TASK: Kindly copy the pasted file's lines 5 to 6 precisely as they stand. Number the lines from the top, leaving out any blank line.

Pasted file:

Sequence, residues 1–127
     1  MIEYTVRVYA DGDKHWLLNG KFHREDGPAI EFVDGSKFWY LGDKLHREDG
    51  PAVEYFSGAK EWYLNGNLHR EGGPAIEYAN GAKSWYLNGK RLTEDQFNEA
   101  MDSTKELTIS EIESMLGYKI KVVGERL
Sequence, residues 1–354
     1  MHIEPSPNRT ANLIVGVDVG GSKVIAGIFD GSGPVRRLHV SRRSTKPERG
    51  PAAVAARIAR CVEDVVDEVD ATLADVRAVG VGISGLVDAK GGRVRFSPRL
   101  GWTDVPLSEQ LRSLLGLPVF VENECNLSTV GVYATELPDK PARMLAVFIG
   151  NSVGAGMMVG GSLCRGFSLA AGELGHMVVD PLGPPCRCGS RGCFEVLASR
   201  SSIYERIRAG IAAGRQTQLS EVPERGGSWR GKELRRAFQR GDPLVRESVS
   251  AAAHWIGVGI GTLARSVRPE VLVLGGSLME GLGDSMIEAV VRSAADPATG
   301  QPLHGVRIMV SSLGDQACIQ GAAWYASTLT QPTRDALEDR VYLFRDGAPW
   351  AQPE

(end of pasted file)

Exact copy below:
Sequence, residues 1–354
     1  MHIEPSPNRT ANLIVGVDVG GSKVIAGIFD GSGPVRRLHV SRRSTKPERG